Palestinians moved a step closer to full membership of the U.N. cultural agency on Wednesday when its board decided to let 193 member countries vote on admission this month.
The latest move in a Palestinian quest for statehood recognition drew a swift rebuke from the United States and Israel, which both argue that the way to create Palestine is through negotiations, and a cool response from France.
In September, Palestinian President Mahmoud Abbas applied to the Security Council for full membership of the United Nations, ignoring a U.S. warning that it would veto the move, as well as threats from members of the U.S. Congress to restrict American aid to the Palestinians.
At UNESCO, the U.N. Educational, Scientific and Cultural Organization, 40 representatives of the 58-member board voted in favor of putting the matter to a vote, with four — the United States, Germany, Romania and Latvia — voting against and 14 abstaining, a source at the agency told Reuters.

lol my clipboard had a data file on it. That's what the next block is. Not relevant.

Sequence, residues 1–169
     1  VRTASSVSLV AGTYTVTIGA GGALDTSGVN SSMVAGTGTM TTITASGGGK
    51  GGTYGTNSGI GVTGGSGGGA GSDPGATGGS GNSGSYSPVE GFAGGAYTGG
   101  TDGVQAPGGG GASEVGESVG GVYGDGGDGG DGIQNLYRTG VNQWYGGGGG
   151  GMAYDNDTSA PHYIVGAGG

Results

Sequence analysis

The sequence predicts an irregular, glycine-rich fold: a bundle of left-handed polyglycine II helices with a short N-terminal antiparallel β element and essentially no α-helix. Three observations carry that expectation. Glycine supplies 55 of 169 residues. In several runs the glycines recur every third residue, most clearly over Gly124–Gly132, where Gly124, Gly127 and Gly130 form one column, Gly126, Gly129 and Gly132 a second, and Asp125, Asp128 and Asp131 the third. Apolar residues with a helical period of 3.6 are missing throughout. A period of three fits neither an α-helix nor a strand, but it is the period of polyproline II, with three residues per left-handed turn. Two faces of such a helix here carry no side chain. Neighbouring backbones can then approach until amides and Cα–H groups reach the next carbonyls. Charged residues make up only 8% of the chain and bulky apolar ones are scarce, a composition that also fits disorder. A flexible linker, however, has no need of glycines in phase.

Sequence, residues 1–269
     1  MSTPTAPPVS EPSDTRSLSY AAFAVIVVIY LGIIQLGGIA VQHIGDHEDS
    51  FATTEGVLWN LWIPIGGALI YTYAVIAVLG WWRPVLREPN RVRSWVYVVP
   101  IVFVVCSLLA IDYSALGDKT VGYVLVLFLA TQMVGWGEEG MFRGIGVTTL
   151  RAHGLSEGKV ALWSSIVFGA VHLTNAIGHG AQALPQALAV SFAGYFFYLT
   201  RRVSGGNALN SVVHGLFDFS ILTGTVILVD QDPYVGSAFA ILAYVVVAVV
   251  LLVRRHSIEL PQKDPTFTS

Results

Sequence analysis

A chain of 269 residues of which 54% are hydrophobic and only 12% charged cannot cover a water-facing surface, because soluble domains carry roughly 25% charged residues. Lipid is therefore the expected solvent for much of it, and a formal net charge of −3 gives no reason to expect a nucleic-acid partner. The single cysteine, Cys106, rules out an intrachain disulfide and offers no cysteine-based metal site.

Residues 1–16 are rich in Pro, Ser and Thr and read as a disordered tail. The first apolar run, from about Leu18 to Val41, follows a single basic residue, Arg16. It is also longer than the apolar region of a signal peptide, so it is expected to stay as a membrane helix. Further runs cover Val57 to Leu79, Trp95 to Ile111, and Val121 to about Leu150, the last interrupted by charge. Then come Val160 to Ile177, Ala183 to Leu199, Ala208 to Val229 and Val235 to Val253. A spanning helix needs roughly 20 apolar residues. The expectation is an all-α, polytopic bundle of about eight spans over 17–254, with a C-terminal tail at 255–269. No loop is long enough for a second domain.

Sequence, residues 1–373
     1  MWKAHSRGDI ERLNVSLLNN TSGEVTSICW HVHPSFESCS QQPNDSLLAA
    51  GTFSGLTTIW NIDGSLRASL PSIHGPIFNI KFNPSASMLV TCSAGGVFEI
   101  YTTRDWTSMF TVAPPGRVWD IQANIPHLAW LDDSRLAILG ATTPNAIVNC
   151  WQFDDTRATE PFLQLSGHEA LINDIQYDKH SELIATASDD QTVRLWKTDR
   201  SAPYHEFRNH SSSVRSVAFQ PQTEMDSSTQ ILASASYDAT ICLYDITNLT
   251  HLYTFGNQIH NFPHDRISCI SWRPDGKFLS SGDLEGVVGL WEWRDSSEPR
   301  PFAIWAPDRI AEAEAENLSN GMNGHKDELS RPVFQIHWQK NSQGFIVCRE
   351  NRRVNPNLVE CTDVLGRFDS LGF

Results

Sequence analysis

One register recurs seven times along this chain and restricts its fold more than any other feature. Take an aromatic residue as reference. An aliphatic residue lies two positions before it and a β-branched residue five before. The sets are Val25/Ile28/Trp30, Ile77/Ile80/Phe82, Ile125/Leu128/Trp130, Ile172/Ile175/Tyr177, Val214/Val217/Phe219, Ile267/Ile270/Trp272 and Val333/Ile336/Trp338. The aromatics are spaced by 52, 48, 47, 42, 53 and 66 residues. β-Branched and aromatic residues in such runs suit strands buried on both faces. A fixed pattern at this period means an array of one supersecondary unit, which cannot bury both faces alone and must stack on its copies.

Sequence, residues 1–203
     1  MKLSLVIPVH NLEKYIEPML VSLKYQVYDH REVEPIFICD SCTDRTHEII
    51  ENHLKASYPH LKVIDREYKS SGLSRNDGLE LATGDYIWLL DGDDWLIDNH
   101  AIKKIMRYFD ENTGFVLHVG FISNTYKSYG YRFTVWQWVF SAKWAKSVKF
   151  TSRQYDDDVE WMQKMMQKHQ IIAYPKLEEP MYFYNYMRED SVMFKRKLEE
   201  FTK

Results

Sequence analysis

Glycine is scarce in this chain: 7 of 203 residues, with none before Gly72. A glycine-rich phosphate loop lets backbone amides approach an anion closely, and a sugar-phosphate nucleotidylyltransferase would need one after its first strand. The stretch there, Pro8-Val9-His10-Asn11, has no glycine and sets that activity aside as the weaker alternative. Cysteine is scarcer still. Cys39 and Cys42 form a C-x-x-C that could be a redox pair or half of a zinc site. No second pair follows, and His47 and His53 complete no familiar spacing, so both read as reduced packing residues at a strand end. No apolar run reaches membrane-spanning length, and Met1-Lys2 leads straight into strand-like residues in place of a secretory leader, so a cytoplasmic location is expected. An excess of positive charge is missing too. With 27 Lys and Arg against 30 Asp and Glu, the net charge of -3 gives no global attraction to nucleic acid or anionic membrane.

That set the scene for a membership vote at UNESCO’s General Conference, a meeting that runs from October 25 to November 10 and involves all 193 members of the agency, based in Paris.
It also raised questions about whether Washington might be required by U.S. law to cut off funding for the agency if it were to accept the Palestinians as a member. The United States pays 22 percent of UNESCO’s dues, the State Department said.